Judge Urges Drug Reform in Sentencing of Addicts

     BROOKLYN, N.Y. (CN) – A federal judge refused to jail two young drug addicts and passionately urged other courts to choose treatment over incarceration.
     “These two sentences raise the profoundly troubling question of how to sentence young defendants whose addiction[s] lead to violation of criminal drug laws,” Senior U.S. District Judge Jack Weinstein wrote on Friday.
     Although he addressed both cases in the same ruling, Weinstein wrote that their stories were vastly different.
     “One of the defendants – Lior Hanuka – fell into addiction after a drug was prescribed lawfully, and with medical justification, for pain caused by injuries in an auto accident. The other – Andrew Ilayayev – used drugs for personal gratification and pleasure, with abuse turning into addiction,” Weinstein wrote.
     After a serious 2005 car accident, Hanuka was left with a back injury that still gives him a burning sensation when he sits too long. He got hooked on oxycodone painkillers to cope, and he multiplied his prescriptions by visiting more doctors. He eventually dropped out of the College of Staten Island to start selling pills to fund his addiction.
     Five years after the accident, Hanuka got arrested for dealing, and he was released to begin his life with his fiancée, “Ms. S,” in Florida. He still struggled with oxycodone, but he headed toward recovery even after “S” died in car crash late last year.
     Weinstein sentenced Hanuka, now 24, to five years of probation with court-ordered psychiatric, drug and alcohol treatment.
     Unlike Hanuka, Ilayayev had no apparent medical cause for his addictions. He dealt and used a long list of narcotics, and showed no signs of recovery at the time of sentencing.
     Born in September 1982, he emigrated from Uzbekistan to the United States with his mother, grandmother and siblings after his parents divorced that same year. He never had contact with his biological father, and his family scraped by on public assistance.
     Known in graffiti art circles by the tag name “DOTS,” Ilayayev jumped between jobs as a club promoter, bike messenger, Macy’s salesman and a Brooklyn barber.
     He started using ecstasy at 16 and sold 5,000 pills of that drug to an undercover informant years later.
     Ilayayev’s parole required that he stop taking drugs and start receiving out-patient treatment, but he quickly got caught falling off the wagon four times. Prosecutors wanted him jailed for violating the terms of his release.
     To satisfy a mandatory minimum sentence, Weinstein sent him to jail for one day, and stepped up the treatment to an in-patient program.
     Judge Weinstein, who was nominated to the bench by President Lyndon Johnson, called the war on drugs “self-defeating” in a 1993 New York Times editorial, and he announced that same year that he would not preside over drug cases in protest to having to follow mandatory-minimum sentencing laws. Defense attorneys reportedly convinced him to reconsider, arguing that he could make more of an impact from the bench than through his absence.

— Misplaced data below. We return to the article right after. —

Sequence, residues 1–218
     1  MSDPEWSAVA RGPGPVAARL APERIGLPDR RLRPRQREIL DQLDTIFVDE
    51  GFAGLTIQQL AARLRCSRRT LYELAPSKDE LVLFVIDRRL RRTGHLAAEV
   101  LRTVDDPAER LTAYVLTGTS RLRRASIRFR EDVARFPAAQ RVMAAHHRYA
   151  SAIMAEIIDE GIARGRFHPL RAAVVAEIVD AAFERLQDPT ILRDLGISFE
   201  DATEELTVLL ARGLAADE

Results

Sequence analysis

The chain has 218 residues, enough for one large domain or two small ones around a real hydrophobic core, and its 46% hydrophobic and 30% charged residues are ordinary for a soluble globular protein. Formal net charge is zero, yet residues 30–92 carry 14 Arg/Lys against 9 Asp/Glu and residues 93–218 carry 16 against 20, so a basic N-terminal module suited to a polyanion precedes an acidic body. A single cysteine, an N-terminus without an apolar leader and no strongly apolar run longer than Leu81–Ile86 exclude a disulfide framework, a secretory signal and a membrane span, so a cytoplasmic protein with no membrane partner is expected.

This May, Weinstein again made headlines by visiting a housing project in the Bedford-Stuyvesant neighborhood of Brooklyn, which was home to eight gang members he had to sentence. The judge seemed remorseful in a 133-page ruling that sentenced those men to minimum sentences of several years, still far shorter than what prosecutors demanded.
     His opinion in that case outlined the historical, economic and racial origins of the war on drugs.
     Weinstein’s most recent opinion gives similar in-depth analysis into oxycodone, focusing on how prescription medications challenge the foundations of drug laws.
     Its last page ends with an appeal for courts to opt for the most lenient sentences available, with a focus on rehabilitation:
     “Where drug addiction of the defendant is causatively intertwined with a violation of the criminal law, every effort should be made to minimize incarceration in favor of a closely supervised, intensive medical treatment regime outside of prison. Outpatient treatment is preferred, permitting the defendant to be more readily integrated into a drug-free productive lifestyle in the community.
     “Where outpatient treatment fails and defendant continues to use drugs, he should be confined to an available non-incarcerative in-patient treatment facility.
     “Every effort should be made to avoid incarceration. According to the experience of the court’s probation services and experience of its judges, prison appears to increase the likelihood of: inability to conform to community standards, continued use of drugs to help assuage the pains of failure, ostracism, the risks of complicating psychiatric problems, and the difficulty in obtaining a job.”

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